“Darkly disturbing tragedy for the twenty-first century”
Hum the tune to the Toreador song and people will join in, as Bizet’s Carmen is one of the best loved and popular operas of all time. What’s often forgotten, however, is that it’s a miserably stark tragedy based around life; the notion that there’s no chance of a decent future so grab life now and look after number one. I’ve never seen this theme so accurately portrayed as in this modern version with words by Ashley Pearson and Mary Franklin. Mary Franklin is also the Director of this production at the King’s Head.
Whilst the first half felt a bit flat in places, the second half was a darkly disturbing display of misogyny, domestic violence, control and the juxtaposition between misguided love and pure hatred – especially in the performance by Mike Bradley as Jose. He is both mesmerising and terrifying in equal measures in the final scene (note to self – definitely swipe left on Tinder).
In Bizet’s original Carmen (deliciously sung by the captivating Jane Monari) has a menial job in a tobacco factory and Jose is a soldier. The parallel between these jobs in nineteenth century Spain and this new version’s adaptation which places Carmen as a hospital cleaner and Jose as an over-worked nurse, is really appropriate. This enhances and updates rather than changes the meaning of the story, and enables clever subtleties of production, such as act 1 being set in the smoking area outside of an NHS hospital. The use of curtains reminiscent of those used in a hospital ward to depict scene changes, including one displaying a no smoking sign over a bench and another showing a very depressing Esso petrol station sign, is an ingenious way of making the best use of the small stage and keeping the set both minimal and practical.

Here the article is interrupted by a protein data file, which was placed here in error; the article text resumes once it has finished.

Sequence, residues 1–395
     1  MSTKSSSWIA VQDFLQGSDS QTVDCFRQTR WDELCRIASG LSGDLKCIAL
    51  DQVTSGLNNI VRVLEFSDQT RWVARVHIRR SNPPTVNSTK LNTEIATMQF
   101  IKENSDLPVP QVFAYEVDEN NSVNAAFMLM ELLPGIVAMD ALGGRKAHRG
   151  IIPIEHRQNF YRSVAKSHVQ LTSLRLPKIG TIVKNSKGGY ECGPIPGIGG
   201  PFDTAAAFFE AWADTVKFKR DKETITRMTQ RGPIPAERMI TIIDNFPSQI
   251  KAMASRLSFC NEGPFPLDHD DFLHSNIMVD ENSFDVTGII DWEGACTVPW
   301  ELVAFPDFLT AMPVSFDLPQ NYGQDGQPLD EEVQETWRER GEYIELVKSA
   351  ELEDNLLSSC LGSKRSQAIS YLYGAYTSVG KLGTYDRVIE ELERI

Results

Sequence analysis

Continuing the transposition to a twenty-first century setting, Escamillio’s role as a Toreador has been replaced with that of an Arsenal striker. Again, this is totally on point as whilst being a WAG is now an economically-sound career choice for some, so a Toreador’s girlfriend would have been an example of social climbing for a woman like Carmen at the time the opera was composed. A momentary injection of lightness came when Dan D’Souza’s somewhat relaxed Escamillio sang the Toreador song as karaoke, only knowing a few of the words – cue laughter, as that’s the same for most of us.
This production is an excellent introduction to opera performed by a truly talented trio of singers that could grace any operatic stage. It also demonstrates how the great stories that opera tells are just as relevant today as they were when they were originally written. Forget pastiche, embrace this exciting and excruciating new adaptation, but don’t forget the anti-depressants.
Music – Bizet
Co-Librettist - Ashley Pearson and Mary Franklin
Director - Mary Franklin
Musical director - Juliane Gallant
Designer – Anna Lewis
Reviewer Deborah Jeffries is a PhD Researcher at the University of East London and Rose Bruford College. Her thesis is entitled ‘Legitimising the Victorian Music Hall’, and it contests the notion of legitimate versus illegitimate theatre. It also investigates theatre architecture, purpose and licensing. She has worked for Hoxton Hall and Wilton’s - two of the UK’s four operational Victorian music halls, as well as the more modern incarnation, Brick Lane Music Hall. Her MA in Drama from Goldsmiths explores the difference between music hall and variety theatre, and the place of each genre in modern popular culture. She has reviewed music and theatre across the UK for over 30 years.